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Whale watching

Whale Watching, Gold Coast, Queensland, Australia

Going whale watching off the Gold Coast, Queensland, Australia is a great way to see whales in full flight, on their journey from Antarctica to Queensland’s Hervey Bay, where the whales head each year to give birth in warmer waters. Whales hug the coast as they head north each year from June to August and going whale watching is as simple as getting out on the water.

We have found that heading due east, 5-6 nautical miles offshore, takes us out to where the ocean is somewhere between 45-50 metres deep. By going out this far we hit a steady stream of whales heading north, mostly in pairs. If you are really luck, they’ll stop and play, by rolling onto their sides and slapping the water with their flippers or breaching by propelling their bodies vertically clear of the water before crashing down and creating an amazing splash.

One of the most enjoyable things to do is to follow a pair of whales for 30-60 minutes in their northerly direction. This takes a bit of skill as they will often disappear for 2-3 minutes at a time. I have found that they move at 4-5 knots and are usually headed for the next headland, which can be several miles away. They seem to have the ability to head up the coast and aim for the right point in the distance to ensure they don’t head into a bay or into shallow areas.

The rules for following whales are very strict and you should be careful not to get to close or venture across their path. I have watch other boats cross their path, less than 100m ahead of them and this often causes them to change direction instinctively and suddenly head further inshore or offshore, clearly disturbed by the vessels that have got too close.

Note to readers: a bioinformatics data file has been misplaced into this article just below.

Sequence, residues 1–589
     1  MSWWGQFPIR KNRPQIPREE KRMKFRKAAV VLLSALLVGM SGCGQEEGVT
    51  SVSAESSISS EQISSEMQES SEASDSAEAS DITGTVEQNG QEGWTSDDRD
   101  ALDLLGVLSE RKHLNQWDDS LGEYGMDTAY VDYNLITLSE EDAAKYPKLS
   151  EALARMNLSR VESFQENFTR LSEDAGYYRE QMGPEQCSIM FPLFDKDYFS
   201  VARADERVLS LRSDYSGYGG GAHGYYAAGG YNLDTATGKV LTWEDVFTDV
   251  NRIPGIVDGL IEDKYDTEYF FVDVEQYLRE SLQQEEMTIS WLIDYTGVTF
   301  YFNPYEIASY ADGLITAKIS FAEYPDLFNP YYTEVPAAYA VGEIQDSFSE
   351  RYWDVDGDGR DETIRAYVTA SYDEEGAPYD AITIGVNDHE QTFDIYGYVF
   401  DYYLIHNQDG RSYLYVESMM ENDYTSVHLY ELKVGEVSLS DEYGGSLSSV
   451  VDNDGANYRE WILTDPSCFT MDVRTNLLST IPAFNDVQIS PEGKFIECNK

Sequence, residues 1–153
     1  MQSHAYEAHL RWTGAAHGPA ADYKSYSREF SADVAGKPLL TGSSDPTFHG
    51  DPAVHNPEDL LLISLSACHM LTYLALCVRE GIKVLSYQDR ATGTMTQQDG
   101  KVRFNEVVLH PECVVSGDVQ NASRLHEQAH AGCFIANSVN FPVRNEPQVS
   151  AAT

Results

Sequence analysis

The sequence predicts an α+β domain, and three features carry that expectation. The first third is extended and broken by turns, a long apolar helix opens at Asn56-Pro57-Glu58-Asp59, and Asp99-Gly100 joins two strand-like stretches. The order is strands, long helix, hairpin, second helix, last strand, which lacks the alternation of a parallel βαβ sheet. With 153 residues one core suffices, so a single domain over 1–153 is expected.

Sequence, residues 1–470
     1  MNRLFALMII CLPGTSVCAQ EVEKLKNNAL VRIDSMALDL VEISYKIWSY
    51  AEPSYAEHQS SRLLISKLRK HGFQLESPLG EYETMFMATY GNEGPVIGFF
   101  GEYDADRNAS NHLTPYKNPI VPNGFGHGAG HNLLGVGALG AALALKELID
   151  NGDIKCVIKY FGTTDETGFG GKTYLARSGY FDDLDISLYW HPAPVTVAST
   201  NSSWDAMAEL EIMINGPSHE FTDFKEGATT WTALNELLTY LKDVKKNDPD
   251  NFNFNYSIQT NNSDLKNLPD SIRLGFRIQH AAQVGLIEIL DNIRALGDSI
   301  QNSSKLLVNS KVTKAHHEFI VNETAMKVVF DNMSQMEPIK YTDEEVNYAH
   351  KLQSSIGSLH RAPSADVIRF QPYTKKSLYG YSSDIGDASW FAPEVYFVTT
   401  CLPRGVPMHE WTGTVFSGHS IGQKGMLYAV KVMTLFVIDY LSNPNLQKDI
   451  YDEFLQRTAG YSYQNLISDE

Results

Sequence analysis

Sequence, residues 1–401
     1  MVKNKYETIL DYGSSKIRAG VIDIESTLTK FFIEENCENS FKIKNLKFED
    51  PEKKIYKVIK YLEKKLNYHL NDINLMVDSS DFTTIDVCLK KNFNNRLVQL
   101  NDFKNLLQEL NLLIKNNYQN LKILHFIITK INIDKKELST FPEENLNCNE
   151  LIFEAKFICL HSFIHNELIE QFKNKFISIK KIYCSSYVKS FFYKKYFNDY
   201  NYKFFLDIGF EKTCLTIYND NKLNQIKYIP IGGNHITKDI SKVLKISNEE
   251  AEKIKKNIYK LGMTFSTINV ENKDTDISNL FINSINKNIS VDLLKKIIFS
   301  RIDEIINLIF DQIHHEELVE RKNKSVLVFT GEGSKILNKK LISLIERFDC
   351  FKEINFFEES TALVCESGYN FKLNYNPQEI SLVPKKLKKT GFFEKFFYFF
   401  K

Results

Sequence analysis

By following them from behind, you get used to their speed and direction, which remains remarkably consistent if no other vessels cross in front of their course.

Whale watching is incredible. Seeing these huge amazing mammals of the deep happily swimming up the coast, covering 180+ kilometres a day is hard to explain. Their size is hard to comprehend until you see them beside you. Watching them launch tonnes of body weight clear of the ocean completely is as good as it gets.

Humpback whales normally swim 5-14 kph, but can go up to 26 kph in bursts when in danger. Feeding speeds are slower, about 2-5 kph.  Humpback whales can dive for up to 30 minutes, but usually last only 15 minutes. They can dive to depths of 150-210m.

Humpbacks are very acrobatic, often breaching high out of the water and then slapping the water as they come back down. Sometimes they twirl around while breaching. Breaching may be purely for play or may be used to loosen skin parasites or have some social meaning.

Spyhopping is another activity in which the whale pokes its head out of the water for up to 30 seconds to take a look around. Humpbacks also stick their tail out of the water into the air, swing it around, and then slap it on the water’s surface; this is called lobtailing. It makes a very loud sound.

The meaning or purpose of lobtailing is unknown, but may be done as a warning to the rest of the pod. Humpbacks lobtail more when the seas are rough and stormy. Slapping a fin against the surface of the water is another unexplained humpback activity.

Always assume they don’t know you are there. Wear lifejackets – you never know what the impact would be if they were to come up underneath your boat and tip it off balance.